$$\prod_{(b,p) : \sum_{b : A} I(A,a,b)} (b,p) = (a,r(a))$$

I wasn't there, but I suspect it came as a surprise when people first realized that there are models of this type theory where the identity type can have more than one element.


I hope this helps ^_^

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  • $\begingroup$ Thanks, that is very helpful. I agree the homotopy picture is nice. But I would like to know why I should take the analogy seriously. If there is some fact about the nature of verifications that warrants us treating identity proofs like elements of a homotopy group, then I would like to know what that fact is - presumably, that's the fact that will justify the elimination rule in question. $\endgroup$ Feb 11 at 18:44
  • $\begingroup$ Depending on your tolerance for high-abstraction nonsense, you might take the analogy seriously because ML type theory is the internal language of $\infty$-topoi (see here). Since we also use $\infty$-topoi to model homotopy theory (see here), it makes sense that ML type theory would provide a natural syntax for reasoning about homotopy theory $\endgroup$ Feb 11 at 18:52
  • $\begingroup$ Thanks again. In general I'm fine with high-abstraction nonsense. But isn't there something funny about the fact that a question about the general rules for concrete verifications, and what concrete verifications can be produced concretely from other concrete verifications, should need to take detours through homotopy theory, topos theory, etc.? It's as if I have a problem with certain sorts of long division problems, and I'm being told something about higher category theory in reply, if you get my drift. $\endgroup$ Feb 11 at 19:05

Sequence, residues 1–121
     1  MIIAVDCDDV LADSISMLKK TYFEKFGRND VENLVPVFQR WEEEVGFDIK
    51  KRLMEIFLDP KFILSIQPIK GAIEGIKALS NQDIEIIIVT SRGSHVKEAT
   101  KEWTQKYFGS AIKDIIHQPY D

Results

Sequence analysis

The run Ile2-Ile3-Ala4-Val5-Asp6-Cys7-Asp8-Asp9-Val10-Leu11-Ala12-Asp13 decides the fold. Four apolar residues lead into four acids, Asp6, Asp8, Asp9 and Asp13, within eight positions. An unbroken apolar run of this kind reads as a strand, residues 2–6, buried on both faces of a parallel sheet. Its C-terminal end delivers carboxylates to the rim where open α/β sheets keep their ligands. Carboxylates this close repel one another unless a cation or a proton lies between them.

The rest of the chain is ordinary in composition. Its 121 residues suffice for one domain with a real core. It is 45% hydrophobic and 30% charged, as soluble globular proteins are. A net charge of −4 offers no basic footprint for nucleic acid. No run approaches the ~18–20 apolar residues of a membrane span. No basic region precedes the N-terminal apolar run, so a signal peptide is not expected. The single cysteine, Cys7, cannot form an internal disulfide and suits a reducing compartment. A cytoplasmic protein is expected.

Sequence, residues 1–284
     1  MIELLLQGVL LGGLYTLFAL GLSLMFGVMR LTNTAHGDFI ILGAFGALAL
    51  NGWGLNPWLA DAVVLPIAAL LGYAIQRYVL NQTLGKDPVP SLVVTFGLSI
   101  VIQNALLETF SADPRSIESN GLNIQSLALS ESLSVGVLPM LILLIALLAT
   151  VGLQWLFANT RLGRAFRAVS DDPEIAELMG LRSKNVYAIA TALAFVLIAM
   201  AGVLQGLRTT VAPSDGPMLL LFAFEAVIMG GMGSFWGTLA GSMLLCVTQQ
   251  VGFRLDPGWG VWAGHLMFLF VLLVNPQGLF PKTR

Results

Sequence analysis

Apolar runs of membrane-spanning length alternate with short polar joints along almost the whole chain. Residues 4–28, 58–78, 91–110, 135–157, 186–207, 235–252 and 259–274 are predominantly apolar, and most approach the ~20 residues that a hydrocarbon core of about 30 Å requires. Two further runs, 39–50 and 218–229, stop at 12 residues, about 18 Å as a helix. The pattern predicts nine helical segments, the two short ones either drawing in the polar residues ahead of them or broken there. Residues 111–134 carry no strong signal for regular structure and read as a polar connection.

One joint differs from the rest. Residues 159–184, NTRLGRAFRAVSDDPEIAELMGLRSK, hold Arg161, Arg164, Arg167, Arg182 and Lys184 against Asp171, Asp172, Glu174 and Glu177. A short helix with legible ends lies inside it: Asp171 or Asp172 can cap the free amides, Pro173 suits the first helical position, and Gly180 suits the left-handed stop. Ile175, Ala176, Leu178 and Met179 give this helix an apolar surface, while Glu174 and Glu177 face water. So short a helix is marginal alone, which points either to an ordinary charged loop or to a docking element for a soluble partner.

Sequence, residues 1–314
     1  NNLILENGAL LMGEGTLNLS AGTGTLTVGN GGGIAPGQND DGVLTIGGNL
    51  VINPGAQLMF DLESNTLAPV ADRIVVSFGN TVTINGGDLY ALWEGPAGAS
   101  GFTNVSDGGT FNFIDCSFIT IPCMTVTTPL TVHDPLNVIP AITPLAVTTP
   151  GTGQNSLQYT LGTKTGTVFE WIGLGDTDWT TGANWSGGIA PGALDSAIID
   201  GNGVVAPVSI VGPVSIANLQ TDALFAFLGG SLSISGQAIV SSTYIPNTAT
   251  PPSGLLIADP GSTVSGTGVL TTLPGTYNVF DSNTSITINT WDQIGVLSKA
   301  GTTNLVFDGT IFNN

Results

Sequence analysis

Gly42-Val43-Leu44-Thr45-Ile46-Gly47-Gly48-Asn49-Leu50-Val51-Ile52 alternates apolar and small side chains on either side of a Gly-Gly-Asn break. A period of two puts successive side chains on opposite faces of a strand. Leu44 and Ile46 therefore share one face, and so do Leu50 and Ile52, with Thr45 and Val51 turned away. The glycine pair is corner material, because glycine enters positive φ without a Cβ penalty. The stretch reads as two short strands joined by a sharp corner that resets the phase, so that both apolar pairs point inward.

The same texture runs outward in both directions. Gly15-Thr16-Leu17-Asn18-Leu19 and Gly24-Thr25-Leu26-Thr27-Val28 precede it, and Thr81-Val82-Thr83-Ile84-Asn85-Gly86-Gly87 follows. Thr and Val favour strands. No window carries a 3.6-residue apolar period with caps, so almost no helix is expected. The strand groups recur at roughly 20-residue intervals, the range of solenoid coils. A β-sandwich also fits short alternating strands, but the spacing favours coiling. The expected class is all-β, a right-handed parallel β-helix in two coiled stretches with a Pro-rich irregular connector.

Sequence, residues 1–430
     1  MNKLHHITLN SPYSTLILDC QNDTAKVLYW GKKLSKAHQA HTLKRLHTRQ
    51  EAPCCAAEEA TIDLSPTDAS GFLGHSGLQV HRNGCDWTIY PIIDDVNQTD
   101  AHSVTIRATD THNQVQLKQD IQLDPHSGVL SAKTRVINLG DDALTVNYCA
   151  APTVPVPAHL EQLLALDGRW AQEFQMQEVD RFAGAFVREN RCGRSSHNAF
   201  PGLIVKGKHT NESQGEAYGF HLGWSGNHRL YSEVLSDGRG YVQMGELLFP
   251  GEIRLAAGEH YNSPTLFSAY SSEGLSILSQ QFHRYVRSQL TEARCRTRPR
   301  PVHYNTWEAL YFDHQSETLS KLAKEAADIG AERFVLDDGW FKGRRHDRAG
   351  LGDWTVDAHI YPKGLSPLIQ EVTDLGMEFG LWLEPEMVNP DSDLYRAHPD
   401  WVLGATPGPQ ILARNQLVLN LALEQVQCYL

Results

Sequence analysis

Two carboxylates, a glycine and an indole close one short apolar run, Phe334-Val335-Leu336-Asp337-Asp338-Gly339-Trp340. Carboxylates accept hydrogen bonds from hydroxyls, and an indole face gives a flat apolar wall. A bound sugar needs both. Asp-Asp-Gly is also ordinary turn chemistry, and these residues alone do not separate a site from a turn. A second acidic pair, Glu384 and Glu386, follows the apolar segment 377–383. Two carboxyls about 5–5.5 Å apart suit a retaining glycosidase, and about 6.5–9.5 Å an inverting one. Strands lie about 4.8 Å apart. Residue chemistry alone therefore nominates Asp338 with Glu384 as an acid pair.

• $\begingroup$ That's a reasonable critique. I have an idea for a more concrete interpretation, but I'll write it up later today after I finish teaching. I will say that this machinery has existed for much longer than the homotopy-theoretic interpretation (since the early 70s, iirc, compared to the basics of HoTT, which started in the late 90s early 2000s, iirc) so people must have had a way to think about it without homotopy theory. $\endgroup$ Feb 11 at 20:41
  • $\begingroup$ @provocateur -- Ok, I got around to editing my answer $\endgroup$ Feb 12 at 1:11